Tuesday, October 6, 2009

Destination: Finger Lakes Wine Country

We’re getting ready to launch on a fall trip to the Finger Lakes wineries. You’ll be able to “tag along” through our posts. For those who have never visited this area,
  what are you waiting for? This is the largest concentration of wineries this side of Napa Valley. The region is about six-and-a-half hours from Toledo and is noted for its natural beauty with countless streams, rivers, gorges and waterfalls. There are more than 100 wineries and plentiful quaint towns, accommodating bed and breakfasts and charming restaurants. Activities include swimming, fishing, boating, camping, biking and even dinner cruises on the lakes.

The Finger Lakes are a series of glacier-carved lakes that to the original settlers, resembled the shape of a hand. Native Americans believed that as God was creating the earth, he rested his hand, creating the Finger Lakes and leaving His imprint for all to see. In 1860 a Frenchman named Charlie Champlin founded the Pleasant Valley Wine Company to make wine with the local grapes. However, the true “father” of Finger Lakes wines is Dr. Konstantin Frank, a Ukrainian-born professor of plant science who first cultivated the European vinifera style wine (despite naysayers).

The terroir of the Finger Lakes is unique with the character of the lakes and soil blending to express itself beautifully through the wines. The region is truly heaven for lovers of Riesling. The Riesling here takes on a crisp, minerally flavor. The dry Rieslings is perhaps the perfect expression of Finger Lakes winemaking, although there is a nice kaleidoscope of wine type's available. The Cabernet Franc is especially noteworthy.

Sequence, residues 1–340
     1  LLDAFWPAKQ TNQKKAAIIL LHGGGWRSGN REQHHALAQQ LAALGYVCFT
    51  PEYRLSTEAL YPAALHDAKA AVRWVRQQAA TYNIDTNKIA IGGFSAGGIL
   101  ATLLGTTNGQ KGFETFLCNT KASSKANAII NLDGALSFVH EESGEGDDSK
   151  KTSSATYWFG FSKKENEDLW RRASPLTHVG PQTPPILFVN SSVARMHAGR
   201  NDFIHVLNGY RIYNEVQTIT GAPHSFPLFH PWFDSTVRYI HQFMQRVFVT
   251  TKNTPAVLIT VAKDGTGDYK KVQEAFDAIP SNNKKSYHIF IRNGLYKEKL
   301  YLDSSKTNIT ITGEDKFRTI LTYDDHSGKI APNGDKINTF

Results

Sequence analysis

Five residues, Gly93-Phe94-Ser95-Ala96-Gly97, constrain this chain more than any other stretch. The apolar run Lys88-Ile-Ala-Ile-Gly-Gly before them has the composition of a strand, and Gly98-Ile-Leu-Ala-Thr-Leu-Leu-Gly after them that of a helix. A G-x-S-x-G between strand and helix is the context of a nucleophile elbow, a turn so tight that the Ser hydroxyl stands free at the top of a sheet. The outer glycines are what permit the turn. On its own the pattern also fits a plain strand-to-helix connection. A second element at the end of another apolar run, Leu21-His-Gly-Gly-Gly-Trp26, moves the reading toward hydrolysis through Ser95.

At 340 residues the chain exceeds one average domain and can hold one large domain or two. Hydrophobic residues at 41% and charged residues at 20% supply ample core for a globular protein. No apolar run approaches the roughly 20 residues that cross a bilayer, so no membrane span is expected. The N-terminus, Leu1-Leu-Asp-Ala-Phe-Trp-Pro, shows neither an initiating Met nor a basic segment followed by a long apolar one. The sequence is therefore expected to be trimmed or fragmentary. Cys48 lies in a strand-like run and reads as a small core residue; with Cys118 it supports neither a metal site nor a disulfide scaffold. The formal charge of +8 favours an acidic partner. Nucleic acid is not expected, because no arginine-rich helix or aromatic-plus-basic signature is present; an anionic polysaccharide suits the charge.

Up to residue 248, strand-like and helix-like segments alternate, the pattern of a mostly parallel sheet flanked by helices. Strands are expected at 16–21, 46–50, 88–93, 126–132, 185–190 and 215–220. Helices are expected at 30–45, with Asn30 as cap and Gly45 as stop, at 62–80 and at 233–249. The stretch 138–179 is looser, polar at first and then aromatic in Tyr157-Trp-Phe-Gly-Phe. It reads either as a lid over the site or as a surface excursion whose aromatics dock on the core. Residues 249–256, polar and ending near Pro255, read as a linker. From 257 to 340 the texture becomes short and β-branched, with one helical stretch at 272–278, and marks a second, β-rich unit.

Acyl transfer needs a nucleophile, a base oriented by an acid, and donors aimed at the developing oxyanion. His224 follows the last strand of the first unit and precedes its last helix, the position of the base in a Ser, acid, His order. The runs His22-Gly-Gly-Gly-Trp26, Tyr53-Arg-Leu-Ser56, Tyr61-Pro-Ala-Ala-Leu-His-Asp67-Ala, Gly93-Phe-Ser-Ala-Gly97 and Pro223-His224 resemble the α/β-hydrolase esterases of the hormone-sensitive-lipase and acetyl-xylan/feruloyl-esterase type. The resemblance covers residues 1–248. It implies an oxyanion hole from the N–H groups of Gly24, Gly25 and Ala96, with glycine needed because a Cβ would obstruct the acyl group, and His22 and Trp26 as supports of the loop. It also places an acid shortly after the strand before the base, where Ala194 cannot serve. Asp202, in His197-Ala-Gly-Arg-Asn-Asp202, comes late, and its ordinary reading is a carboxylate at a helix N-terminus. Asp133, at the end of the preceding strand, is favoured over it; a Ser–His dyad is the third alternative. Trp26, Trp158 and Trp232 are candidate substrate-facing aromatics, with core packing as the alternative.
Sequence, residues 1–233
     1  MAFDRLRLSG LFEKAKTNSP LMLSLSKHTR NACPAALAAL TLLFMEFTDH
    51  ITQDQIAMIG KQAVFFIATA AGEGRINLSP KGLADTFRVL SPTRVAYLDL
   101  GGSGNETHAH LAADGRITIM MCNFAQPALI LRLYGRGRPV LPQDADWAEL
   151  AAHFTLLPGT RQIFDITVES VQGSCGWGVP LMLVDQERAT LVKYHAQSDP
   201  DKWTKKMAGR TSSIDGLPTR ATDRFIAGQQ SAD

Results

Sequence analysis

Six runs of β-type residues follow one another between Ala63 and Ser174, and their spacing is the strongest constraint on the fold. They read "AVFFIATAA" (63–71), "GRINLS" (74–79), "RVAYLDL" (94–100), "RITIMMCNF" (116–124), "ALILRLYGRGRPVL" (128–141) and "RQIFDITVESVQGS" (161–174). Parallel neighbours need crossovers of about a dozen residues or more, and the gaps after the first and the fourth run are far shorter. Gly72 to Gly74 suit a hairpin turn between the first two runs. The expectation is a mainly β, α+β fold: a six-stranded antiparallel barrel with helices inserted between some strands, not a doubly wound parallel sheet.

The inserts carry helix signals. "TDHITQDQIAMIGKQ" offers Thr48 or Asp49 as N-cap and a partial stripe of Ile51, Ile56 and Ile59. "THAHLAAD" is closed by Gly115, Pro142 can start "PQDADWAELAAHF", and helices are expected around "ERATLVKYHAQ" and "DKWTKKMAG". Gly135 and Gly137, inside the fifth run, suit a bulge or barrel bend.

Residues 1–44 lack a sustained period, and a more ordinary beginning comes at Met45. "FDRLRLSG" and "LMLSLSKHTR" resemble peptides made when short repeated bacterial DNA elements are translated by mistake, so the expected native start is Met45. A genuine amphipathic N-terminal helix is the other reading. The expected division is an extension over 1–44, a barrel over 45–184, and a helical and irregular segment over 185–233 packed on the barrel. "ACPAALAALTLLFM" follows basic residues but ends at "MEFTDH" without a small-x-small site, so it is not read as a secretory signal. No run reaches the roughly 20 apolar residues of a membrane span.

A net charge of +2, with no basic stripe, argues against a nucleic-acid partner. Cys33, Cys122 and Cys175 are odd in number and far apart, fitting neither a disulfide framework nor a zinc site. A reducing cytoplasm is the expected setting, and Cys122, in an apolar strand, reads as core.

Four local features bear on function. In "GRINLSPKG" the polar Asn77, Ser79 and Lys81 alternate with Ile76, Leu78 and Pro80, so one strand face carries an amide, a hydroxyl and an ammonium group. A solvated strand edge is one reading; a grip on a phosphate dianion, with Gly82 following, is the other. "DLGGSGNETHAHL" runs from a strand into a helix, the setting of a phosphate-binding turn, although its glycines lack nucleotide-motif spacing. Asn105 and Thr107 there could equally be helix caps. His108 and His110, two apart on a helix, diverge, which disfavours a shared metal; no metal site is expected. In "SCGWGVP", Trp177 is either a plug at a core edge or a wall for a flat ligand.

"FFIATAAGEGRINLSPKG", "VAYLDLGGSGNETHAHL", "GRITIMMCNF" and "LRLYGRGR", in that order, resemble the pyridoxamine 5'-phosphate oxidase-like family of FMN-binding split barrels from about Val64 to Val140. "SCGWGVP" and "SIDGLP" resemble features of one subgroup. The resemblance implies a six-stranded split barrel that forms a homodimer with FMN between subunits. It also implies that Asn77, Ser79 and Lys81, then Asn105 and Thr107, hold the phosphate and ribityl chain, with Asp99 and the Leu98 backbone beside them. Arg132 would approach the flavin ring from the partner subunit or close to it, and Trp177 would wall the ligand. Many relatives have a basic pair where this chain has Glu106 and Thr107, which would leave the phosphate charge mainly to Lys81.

The main lakes for wine lovers are Seneca, Keuka, Cayuga and Canandaigua. The lakes themselves are worth the trip – even without the world-class wine. Seneca Lake is 35 miles long and 630 feet deep in places!

The Finger Lakes are funky, fun and a great place to unwind with a glass of great wine. The setting is especially glorious during the fall foliage season. There’s much more than can be said – and you’ll hear it as we hit the road. Time to finish packing…

No comments: